“I thought it’d be worse than that, so it’s positive,” said Hamilton. “I thought we’d struggle to get into Q3 but we didn’t, we’re in there, and amongst the fight.”
Russell explained that “we expected to add a bit of performance overnight but the performance we added probably exceeded expectations,” reckoning “we probably expected to find a tenth, and we found five or six tenths, so we need to understand why that is.”
That is likely to put Mercedes in the mix for a podium judging by the anticipated race pace of the Ferraris and Alonso’s Aston Martin.
Team boss Toto Wolff was nonetheless pragmatic over Mercedes’ 2023 prospects and suggested a championship tilt is not in the picture—and that bigger changes are needed.
“I don’t know what is going to happen this year, we may find a silver bullet next week and unlock five-tenths in the car,” he said. “I haven’t seen any silver bullets before. But you never know. But definitely mid-term and long-term, we just need to have a car that is able to make us fight for an eighth championship.”
Mercedes has already hinted several times this year that its aerodynamic concept is going to change and Wolff confirmed that it cannot continue long-term with its current philosophy.
“I don’t think this package is going to be competitive eventually,” Wolff said. “We gave it our best go over the winter and now we need to regroup, sit down with the engineers, who are totally not dogmatic about anything, and decide what is the development direction that we want to pursue in order to be competitive to win races. We hit our (development) targets. We hit our targets and that’s why we gave it our best shot. The moment comes when the stopwatch comes out and that showed us that we are not good enough and we have not got enough downforce. We have to find solutions to fix that.”
Hülkenberg Bags Top 10 in F1 Return
Nico Hülkenberg secured a spot inside the top 10 on his full-scale return to Formula 1. Hülkenberg was towards the sharp end of the midfield for much of the evening and despite an imperfect Q3—having his sole push lap deleted due to track limits—he was still in the top half of the grid.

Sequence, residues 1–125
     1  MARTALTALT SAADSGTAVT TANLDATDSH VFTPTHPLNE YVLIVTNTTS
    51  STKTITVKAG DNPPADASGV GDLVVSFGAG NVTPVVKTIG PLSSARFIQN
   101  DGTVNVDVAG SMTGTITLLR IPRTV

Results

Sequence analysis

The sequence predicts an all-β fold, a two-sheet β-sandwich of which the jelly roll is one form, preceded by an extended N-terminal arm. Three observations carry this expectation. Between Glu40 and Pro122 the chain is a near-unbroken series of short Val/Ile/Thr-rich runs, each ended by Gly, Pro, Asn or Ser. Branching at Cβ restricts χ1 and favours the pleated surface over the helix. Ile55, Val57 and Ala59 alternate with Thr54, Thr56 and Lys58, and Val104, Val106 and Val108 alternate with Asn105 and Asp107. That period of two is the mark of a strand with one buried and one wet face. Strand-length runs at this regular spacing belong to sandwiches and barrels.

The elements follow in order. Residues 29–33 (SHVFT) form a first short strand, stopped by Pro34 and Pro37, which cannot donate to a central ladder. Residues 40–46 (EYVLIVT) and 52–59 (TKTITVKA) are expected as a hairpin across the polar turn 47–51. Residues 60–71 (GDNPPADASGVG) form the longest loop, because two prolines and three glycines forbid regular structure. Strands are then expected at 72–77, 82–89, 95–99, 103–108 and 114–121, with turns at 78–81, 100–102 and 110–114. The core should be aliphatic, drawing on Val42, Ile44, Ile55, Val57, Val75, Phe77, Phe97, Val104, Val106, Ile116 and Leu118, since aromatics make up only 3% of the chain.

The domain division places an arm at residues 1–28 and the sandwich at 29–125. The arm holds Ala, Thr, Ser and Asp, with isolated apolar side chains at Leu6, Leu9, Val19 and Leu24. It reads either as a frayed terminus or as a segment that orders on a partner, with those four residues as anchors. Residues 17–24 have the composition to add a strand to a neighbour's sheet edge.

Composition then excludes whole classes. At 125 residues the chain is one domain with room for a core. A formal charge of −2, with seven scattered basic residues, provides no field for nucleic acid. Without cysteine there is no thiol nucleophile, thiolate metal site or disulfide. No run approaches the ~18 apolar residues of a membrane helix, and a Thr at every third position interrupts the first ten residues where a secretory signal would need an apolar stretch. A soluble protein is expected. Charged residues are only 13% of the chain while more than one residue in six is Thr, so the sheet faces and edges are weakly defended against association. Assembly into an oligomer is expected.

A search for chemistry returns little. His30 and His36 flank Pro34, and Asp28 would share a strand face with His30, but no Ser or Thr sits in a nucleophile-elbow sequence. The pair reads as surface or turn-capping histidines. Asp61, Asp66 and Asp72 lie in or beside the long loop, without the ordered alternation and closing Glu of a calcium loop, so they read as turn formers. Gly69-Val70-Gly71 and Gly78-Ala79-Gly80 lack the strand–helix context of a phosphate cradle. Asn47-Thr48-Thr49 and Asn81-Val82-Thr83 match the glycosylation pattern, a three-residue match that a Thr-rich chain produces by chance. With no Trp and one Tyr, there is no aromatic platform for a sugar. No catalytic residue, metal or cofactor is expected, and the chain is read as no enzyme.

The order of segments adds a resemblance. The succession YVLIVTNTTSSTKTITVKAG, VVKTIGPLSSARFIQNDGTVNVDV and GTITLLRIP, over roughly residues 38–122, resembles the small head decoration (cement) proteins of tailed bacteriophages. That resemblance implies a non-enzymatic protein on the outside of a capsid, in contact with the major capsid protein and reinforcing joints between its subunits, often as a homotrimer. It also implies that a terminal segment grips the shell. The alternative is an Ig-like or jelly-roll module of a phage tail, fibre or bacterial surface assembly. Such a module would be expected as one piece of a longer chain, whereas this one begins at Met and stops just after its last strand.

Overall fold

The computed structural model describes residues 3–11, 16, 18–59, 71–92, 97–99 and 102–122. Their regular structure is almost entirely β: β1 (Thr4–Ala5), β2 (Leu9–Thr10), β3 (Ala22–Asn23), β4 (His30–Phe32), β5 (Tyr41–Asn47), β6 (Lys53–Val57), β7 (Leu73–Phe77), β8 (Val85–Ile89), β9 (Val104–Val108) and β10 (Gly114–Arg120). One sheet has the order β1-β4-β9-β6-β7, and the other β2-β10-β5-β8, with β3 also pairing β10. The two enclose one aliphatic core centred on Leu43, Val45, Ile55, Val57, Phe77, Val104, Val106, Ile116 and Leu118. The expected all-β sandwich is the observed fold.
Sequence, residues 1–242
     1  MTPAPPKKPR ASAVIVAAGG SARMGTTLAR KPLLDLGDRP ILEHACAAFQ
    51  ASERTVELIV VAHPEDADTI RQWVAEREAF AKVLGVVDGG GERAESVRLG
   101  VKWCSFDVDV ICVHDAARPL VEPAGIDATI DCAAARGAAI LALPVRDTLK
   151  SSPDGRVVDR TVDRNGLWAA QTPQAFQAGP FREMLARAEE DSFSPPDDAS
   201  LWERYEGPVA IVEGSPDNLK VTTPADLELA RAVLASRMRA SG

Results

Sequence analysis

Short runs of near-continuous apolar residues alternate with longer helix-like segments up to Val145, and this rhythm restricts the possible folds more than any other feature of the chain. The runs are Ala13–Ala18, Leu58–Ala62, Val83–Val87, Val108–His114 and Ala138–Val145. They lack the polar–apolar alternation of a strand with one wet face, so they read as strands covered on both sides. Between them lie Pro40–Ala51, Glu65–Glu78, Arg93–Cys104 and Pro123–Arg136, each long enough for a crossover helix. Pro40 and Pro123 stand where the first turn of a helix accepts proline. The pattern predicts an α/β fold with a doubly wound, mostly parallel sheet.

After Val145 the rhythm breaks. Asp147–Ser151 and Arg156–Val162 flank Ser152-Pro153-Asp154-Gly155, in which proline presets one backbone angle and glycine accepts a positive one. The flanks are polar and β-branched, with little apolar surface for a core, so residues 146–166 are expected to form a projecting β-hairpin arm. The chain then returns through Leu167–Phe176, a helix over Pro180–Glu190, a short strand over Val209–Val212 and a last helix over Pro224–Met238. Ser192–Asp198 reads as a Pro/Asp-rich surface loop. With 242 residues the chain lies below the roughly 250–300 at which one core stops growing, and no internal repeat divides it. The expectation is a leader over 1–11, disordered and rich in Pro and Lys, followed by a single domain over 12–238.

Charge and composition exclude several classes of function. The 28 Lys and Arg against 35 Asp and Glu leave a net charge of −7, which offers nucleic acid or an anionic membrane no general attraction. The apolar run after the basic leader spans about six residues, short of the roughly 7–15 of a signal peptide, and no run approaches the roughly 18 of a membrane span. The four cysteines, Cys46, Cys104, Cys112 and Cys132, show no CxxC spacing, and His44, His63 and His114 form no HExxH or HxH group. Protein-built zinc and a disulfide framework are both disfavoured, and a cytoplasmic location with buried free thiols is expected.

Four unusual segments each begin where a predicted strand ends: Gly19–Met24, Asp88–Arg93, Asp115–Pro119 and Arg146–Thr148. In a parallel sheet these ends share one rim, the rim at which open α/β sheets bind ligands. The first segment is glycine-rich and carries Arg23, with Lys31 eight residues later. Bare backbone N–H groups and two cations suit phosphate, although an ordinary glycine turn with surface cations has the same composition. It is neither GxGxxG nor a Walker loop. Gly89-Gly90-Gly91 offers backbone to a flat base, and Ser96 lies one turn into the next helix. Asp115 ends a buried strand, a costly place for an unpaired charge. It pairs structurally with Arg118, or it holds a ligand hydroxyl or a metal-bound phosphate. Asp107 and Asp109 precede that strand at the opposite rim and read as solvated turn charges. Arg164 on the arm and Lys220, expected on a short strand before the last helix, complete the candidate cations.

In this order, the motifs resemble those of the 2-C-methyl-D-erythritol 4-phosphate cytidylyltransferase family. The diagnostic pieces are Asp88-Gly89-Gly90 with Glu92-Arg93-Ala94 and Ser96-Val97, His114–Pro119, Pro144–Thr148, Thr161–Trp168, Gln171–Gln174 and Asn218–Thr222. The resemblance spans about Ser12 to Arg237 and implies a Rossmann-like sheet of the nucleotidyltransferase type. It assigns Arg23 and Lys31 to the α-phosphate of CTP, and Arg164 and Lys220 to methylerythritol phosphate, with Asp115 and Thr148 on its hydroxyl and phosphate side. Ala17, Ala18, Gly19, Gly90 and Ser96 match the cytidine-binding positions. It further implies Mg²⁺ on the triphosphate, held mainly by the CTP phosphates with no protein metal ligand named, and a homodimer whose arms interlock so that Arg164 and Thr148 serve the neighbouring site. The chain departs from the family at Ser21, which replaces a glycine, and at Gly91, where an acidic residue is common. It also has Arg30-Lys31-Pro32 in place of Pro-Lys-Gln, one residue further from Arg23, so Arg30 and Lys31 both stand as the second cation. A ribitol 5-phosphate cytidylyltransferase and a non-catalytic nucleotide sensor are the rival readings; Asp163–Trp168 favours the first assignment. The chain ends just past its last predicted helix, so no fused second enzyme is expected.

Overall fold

“It wasn’t perfect in Q3 unfortunately, but I don’t think I’m going to let that ruin my day and my mood,” said Hülkenberg. “I think it was pretty decent. I was pretty happy how I was able to produce and deliver the laps. I think we saw already yesterday how over one lap we’re in a decent spot and quite competitive, but the real test will come tomorrow.”
Kevin Magnussen was less fortunate as he was stymied by traffic in Q1, leaving him down in 17th spot, but the team was encouraged by the VF-23’s speed.
“I think we now know what we can do this year and I think Nico did a fantastic job on his comeback,” said Haas boss Guenther Steiner. “We had two down points, Kevin going out Q1. Today was not his day but he knows what he can do and he’s upbeat about what the car is doing, so tomorrow is another day for him to score points. With Nico in Q3, we didn’t end up where we wanted to but P10 is very good for us.”
Agonizing Miss for Logan Sargeant
Logan Sargeant fared respectability during his first Formula 1 qualifying session for Williams. In an ultra-close Q1 Sargeant was just two-tenths of a second behind teammate Alex Albon but that proved the difference between the top 10 and being out in Q1.
Sargeant set a time identical to McLaren’s Lando Norris in Q1 but as he set it after the Briton he will start Sunday's race in 16th, to Norris’ 15th, and eliminated at the first hurdle. Sargeant nonetheless emerged as top rookie, with McLaren’s Oscar Piastri 18th and AlphaTauri’s Nyck de Vries 19th.
“It's a dream come true to go out and qualify in Formula 1,” said Sargeant. “We had good pace today and the team deserved to have both cars in Q2. A slight mistake in Sector 1 cost me as I struggled to find my brake point with the change of wind at Turn 1. However, we've laid a good foundation for ourselves to build off going forward. I think we had the car in a great window this evening. In terms of balance it was right where I wanted it, I just needed to put it together slightly better. It's going to be a pretty special feeling when the lights go out tomorrow. I'll try to get off the line clean, have a good first lap and build from there.”
• Alpine had mixed fortunes as Esteban Ocon qualified ninth but Pierre Gasly slumped to the rear of the 20-car grid. Gasly’s best time was deleted due to a track limits infringement but even that effort was insufficient for Q2.
“I didn’t quite feel at one with the car and that meant we were way below our true level,” said Gasly.
McLaren was braced for a difficult start to the 2023 season and qualifying affirmed such expectations. Lando Norris scraped through to Q2 before going on to take 11th, while debutant Piastri was a low-key 18th.
“It was a little bit better than I was thinking coming into the session, so we’ll take it,” said Norris, highlighting how low expectations really were for the team in papaya.
• Alfa Romeo was solidly mid-grid, with Valtteri Bottas and Zhou Guanyu an unremarkable 12th and 13th, respectively.
• Yuki Tsunoda lifted AlphaTauri into Q2, qualifying a higher-than-expected 14th, though rookie teammate Nyck de Vries failed to get the tires in the right window and was in front of only the struggling Gasly.